The body structure of human beings fascinated me back in the days when I took human anatomy in university. I still remember the bits of fear and thrill the first time I dissected a corpse with a scalpel, which felt rather like opening up my own body. In the following lessons, I gradually managed to master my emotions and began to delve into the research and learning of the subject.

I started to develop a passion in photography as I grew older and decided that it was going to be my lifelong career. Surprisingly, it never crossed my mind that the internal structures of human bodies could be a theme of my works. When I read human anatomy, the chunky prescribed text "Gray's Anatomy" contained numerous illustrations of the human body structure. It might have cause me to think that any photos of human anatomical anatomical specimens that I took would only be used as photo illustrations of medical textbooks, and therefore I had not considered using human anatomical specimens for photo projects.

Towards the end of last year, Chan Dick mentioned to me his collaboration with an anatomy professor on a project to photograph human organs specimens. I could not help but wonder if that was a project for photographing medical illustrations? Chan Dick negated my thought, saying that he enjoyed absolute freedom to proceed with the photography as he wished. He also revealed that this was a bold attempt on his part as he had never come in contact with human specimens. The thrill and fear in him were tantamount to mine in my first anatomy lesson.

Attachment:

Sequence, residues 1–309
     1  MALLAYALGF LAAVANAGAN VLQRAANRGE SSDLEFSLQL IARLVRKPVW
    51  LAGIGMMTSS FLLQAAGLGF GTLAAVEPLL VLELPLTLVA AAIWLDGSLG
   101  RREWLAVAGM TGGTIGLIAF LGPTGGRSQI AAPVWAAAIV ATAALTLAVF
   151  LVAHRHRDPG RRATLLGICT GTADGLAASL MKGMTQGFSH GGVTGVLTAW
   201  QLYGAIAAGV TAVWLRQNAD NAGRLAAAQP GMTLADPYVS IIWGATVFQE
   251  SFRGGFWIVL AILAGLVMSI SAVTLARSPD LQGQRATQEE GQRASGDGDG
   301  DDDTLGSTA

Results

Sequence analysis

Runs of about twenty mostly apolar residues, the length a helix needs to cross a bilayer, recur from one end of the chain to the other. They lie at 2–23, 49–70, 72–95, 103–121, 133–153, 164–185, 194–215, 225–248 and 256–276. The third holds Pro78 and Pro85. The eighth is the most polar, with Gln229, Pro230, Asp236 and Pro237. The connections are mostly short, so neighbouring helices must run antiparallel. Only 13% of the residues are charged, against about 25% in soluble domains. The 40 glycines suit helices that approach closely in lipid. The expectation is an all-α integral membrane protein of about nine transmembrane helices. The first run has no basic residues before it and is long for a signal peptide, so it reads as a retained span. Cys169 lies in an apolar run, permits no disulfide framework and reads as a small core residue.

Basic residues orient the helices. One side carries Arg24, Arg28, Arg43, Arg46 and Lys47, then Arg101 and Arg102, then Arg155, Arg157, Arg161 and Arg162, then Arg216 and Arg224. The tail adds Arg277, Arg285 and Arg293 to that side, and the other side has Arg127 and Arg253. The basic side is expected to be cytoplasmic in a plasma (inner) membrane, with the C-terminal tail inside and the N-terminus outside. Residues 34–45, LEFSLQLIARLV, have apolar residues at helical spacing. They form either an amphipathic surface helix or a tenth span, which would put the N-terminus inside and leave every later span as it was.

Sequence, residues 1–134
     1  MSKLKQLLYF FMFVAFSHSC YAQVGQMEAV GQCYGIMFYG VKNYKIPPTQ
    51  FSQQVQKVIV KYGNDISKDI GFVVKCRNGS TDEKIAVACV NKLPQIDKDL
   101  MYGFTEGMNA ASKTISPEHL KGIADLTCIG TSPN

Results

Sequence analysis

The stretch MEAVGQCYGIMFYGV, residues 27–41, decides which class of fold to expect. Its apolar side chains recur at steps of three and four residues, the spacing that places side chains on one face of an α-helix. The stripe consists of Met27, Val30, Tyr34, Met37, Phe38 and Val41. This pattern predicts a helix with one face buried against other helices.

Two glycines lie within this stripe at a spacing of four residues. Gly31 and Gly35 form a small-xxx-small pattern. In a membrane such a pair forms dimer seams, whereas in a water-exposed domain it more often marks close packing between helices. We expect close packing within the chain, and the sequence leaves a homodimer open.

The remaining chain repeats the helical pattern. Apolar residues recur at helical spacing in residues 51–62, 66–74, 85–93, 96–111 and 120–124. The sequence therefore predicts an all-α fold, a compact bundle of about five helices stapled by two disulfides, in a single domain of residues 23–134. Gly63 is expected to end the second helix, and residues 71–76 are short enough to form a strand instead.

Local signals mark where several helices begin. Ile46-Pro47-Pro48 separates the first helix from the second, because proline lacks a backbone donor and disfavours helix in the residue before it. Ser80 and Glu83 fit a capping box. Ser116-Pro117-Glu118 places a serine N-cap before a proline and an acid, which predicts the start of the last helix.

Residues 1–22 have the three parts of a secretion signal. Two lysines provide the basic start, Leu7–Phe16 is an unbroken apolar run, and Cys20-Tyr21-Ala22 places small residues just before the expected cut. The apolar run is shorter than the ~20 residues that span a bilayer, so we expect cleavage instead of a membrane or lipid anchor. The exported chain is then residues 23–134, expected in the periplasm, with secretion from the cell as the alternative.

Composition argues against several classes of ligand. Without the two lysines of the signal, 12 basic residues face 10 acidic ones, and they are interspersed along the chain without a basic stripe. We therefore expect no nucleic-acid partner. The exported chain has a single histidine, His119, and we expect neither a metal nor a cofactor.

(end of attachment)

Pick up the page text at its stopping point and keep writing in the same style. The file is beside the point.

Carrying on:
The human body structure is complicated and intriguing. It resembles a miniature universe with each of its systems operating orderly until the end of life. The study of the human body is not however limited to medical research. Greek sculptors began the exploration of the human body structure as early as the 5th century B.C., whereas artists of the Italian Renaissance in the 15th century, including Leonardo Da Vinci likewise conducted a relatively in-depth study of the human, body structure to facilitate their creation.

I recall highlighting to Chan Dick how he should observe every single specimen intently and be totally devoured by his emotions and feelings in the course of photography. Endeavour to imagine what those specimens would be like when they were once alive, without paying too much attention to depicting their outline.

Chan Dick has obviously got it made. Not only did he overcome his fear towards the specimens, but he had also established a linkage with them by bringing each and every specimen into existence. His works are so moving that the audience could feel in them the wonders and tenacity of the human body, and be reminded of how precious life is.

There is more to human specimens than this. I wish Chan Dick can take this as a springboard and scale new heights in the near future!

Joseph Fung Hon Kee

Professor of Photography

February 2019